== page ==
Response to US Supreme Court health care tax credits decision is mixed

LANSING, Mich. (AP/WLNS) – Reactions to today’s U.S. Supreme Court decision upholding health insurance tax credits is mixed, generally along political party lines. Democrats, hospitals, insurers and health advocates are applauding the U.S. Supreme Court decision keeping intact health insurance tax credits for 228,000 Michigan residents.

“I applaud the Supreme Court’s ruling today to uphold the tax credits that have meant affordable health care coverage for millions of Americans through the federal exchange,” said U.S. Senator Gary Peters. “I hope today’s ruling encourages my Republican colleagues to stop trying to repeal this law and start working across the aisle to improve access to quality, affordable health care for all Americans.”

Blue Cross Blue Shield of Michigan said Thursday that an unfavorable ruling would have been “extremely disruptive” to Michigan’s health insurance market. The Michigan Health & Hospital Association says the loss of subsidies would have been a “major setback” to making health coverage affordable.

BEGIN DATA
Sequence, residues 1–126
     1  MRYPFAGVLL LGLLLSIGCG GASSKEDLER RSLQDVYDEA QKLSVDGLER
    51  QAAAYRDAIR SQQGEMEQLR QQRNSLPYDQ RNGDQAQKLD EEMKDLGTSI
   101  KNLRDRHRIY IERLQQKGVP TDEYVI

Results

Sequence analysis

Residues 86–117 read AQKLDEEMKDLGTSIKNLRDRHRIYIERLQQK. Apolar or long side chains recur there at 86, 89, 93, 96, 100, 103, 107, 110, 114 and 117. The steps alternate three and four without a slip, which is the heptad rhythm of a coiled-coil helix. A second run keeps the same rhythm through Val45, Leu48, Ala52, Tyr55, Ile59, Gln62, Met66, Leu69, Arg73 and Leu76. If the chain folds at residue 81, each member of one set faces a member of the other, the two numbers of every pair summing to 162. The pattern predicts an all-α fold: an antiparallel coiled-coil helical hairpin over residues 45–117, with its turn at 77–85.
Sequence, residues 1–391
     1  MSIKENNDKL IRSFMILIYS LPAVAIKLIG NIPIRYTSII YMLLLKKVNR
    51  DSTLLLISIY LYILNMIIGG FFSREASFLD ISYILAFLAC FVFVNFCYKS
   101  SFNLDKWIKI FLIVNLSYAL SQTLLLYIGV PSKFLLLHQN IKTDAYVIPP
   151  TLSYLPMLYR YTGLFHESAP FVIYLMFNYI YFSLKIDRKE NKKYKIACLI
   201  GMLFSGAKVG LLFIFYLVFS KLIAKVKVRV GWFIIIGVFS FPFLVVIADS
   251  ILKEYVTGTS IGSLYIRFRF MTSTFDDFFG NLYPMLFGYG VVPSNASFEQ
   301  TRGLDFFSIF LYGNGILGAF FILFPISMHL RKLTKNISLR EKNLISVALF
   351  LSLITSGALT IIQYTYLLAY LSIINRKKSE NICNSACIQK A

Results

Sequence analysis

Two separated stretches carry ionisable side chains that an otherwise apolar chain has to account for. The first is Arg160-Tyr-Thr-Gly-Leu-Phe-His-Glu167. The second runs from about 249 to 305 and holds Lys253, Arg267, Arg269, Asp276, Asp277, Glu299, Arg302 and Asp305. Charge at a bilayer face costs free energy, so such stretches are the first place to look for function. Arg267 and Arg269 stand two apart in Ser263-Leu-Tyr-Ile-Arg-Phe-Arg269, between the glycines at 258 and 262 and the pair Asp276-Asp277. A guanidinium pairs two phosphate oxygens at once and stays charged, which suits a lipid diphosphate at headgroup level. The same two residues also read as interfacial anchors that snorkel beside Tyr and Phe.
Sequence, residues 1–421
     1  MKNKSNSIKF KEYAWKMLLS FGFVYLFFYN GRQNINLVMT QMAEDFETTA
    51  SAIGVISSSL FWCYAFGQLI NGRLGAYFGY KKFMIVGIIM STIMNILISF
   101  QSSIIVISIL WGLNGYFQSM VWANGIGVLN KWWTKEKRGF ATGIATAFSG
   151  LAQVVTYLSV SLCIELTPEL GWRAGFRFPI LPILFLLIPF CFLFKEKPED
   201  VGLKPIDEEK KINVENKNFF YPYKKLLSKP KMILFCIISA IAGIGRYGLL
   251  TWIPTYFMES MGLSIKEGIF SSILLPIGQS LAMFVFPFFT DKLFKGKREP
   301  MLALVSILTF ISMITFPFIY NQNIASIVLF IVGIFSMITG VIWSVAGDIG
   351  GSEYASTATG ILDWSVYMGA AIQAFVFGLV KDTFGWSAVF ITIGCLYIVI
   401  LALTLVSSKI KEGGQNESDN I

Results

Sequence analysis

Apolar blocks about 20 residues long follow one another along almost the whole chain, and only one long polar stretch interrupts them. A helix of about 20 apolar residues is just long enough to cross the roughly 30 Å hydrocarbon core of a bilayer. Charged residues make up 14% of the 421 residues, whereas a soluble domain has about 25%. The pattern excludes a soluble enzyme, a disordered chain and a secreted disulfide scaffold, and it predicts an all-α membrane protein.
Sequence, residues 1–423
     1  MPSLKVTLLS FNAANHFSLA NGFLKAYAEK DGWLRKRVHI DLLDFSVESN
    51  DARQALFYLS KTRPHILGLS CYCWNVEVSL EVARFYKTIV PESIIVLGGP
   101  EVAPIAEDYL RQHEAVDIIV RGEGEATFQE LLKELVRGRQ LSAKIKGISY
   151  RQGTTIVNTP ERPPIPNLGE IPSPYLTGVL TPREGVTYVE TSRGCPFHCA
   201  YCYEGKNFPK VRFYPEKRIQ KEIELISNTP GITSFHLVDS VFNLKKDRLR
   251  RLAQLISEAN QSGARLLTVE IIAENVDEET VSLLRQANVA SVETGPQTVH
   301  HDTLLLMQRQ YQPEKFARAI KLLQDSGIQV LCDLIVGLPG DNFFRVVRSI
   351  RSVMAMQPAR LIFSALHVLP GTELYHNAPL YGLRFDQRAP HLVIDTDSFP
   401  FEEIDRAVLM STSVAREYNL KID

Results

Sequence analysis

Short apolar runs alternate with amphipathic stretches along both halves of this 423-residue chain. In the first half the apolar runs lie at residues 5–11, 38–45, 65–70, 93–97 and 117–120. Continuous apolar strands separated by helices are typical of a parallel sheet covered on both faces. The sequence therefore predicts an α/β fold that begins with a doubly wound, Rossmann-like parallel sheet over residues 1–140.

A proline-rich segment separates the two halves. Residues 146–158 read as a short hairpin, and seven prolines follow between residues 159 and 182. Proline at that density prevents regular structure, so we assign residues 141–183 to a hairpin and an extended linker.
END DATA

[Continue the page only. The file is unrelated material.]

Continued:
Michigan House Minority Leader Tim Greimel says it was the “right decision” because having affordable health care is a “cornerstone of a family’s financial security.”

An opposing point of view came from Michigan Attorney General Bill Schuette. His statement was short and to the point, saying “The Affordable Care Act violated the very first principle of medicine: Do no harm. The Court’s ruling today continues the harm inflicted by Obamacare.”

Gov. Rick Snyder says now that health insurance tax credits are intact for Michigan residents, his administration will focus on ensuring 600,000 people keep receiving expanded Medicaid coverage.

The Republican said Thursday he appreciates the “deep uncertainty of this issue” being resolved.

Michigan was among 34 states at risk after the Republican-led Legislature refused to create a state-run insurance exchange.

About 294,000 residents buy from a federally run marketplace. Nearly 78 percent qualify for tax subsidies.

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